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Platypus-Like Fish Fossil Found at Ancient Reef Site

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Palaeontologists from Flinders University and the Australian National University have discovered a remarkable ancient fish fossil with a long snout that resembles a platypus bill.

The fossil, named Brindabellaspis after the nearby Brindabella Ranges, belongs to an extinct group of fish called the placoderms. It was first found in 1980 in limestone around Lake Burrinjuck in NSW, an area containing some of the world’s earliest known reef fish fauna. The researchers have reconstructed two of the ancient fossils and discovered that the fish had a long bill extending out in front of its eyes.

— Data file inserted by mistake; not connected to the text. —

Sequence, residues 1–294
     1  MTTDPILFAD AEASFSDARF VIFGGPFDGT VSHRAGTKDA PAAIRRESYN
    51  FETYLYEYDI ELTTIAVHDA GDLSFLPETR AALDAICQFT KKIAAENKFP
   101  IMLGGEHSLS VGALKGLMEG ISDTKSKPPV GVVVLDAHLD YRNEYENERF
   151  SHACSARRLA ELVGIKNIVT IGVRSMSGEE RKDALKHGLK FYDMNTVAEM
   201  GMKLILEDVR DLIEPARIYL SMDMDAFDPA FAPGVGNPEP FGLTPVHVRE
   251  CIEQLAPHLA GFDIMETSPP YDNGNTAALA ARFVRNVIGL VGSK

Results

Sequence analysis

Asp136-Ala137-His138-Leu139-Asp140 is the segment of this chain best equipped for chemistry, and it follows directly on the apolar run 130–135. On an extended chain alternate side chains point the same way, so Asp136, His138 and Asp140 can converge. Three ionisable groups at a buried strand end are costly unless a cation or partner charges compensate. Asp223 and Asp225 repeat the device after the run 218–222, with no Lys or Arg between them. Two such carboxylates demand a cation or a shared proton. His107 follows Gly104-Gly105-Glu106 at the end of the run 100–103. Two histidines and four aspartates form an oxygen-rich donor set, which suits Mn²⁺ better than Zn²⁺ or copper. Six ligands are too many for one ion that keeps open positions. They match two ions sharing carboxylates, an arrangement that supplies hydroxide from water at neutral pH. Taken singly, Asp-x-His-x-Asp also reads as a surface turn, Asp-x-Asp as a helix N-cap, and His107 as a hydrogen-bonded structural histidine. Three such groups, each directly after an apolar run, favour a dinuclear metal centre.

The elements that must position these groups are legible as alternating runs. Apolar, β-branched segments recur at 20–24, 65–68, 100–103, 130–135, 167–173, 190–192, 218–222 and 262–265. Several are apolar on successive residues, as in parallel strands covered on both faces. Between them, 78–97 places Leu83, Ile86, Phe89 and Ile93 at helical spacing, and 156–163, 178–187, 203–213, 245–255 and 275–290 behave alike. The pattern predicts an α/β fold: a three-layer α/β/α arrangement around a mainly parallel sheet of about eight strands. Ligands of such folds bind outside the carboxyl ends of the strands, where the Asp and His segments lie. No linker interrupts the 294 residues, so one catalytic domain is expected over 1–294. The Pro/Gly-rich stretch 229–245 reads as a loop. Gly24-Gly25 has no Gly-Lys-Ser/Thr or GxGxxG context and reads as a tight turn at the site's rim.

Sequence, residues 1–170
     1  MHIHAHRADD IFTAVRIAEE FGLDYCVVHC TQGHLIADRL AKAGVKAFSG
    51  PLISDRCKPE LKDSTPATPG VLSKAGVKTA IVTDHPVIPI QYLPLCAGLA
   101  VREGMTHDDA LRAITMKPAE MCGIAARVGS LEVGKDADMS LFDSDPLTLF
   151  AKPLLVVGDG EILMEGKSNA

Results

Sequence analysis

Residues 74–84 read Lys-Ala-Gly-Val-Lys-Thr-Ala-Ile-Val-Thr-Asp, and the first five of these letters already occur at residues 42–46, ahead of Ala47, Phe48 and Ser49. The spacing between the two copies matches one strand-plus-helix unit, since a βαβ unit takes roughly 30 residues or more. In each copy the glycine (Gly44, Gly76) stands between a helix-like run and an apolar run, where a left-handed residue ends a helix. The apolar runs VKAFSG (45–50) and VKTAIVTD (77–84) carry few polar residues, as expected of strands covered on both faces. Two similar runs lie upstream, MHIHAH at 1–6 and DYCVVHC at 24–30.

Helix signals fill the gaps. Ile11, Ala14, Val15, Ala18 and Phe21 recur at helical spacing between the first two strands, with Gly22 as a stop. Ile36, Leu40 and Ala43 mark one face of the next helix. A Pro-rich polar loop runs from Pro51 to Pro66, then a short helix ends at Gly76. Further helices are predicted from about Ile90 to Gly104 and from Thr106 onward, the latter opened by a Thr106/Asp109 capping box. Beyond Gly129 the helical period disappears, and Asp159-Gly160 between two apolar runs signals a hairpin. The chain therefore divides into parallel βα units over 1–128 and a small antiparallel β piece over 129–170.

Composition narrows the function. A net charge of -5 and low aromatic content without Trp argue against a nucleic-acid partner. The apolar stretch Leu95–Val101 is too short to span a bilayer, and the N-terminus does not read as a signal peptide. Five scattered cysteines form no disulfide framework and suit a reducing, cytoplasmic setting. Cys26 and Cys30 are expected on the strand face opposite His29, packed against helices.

“This was one strange-looking fish,” said study author Benedict King. “The eyes were on top of the head, and the nostrils came out of the eye sockets. There was this long snout at the front, and the jaws were positioned very far forward.” The fossil also revealed a unique sensory system on the snout that turned out to be a modified form of the pressure sensor system found in other fish.

“We suspect that this animal was a bottom-dweller,” says co-author Prof John Long of Flinders University. “We imagine it used the bill to search for prey, somewhat like a platypus, while the eyes on top of the head looked out for danger from above.”

Dr Gavin Young of ANU found the first two specimens, but the sensitive snout region was missing. “When we saw the dense sensory...

The full text of this article can be purchased from Informit.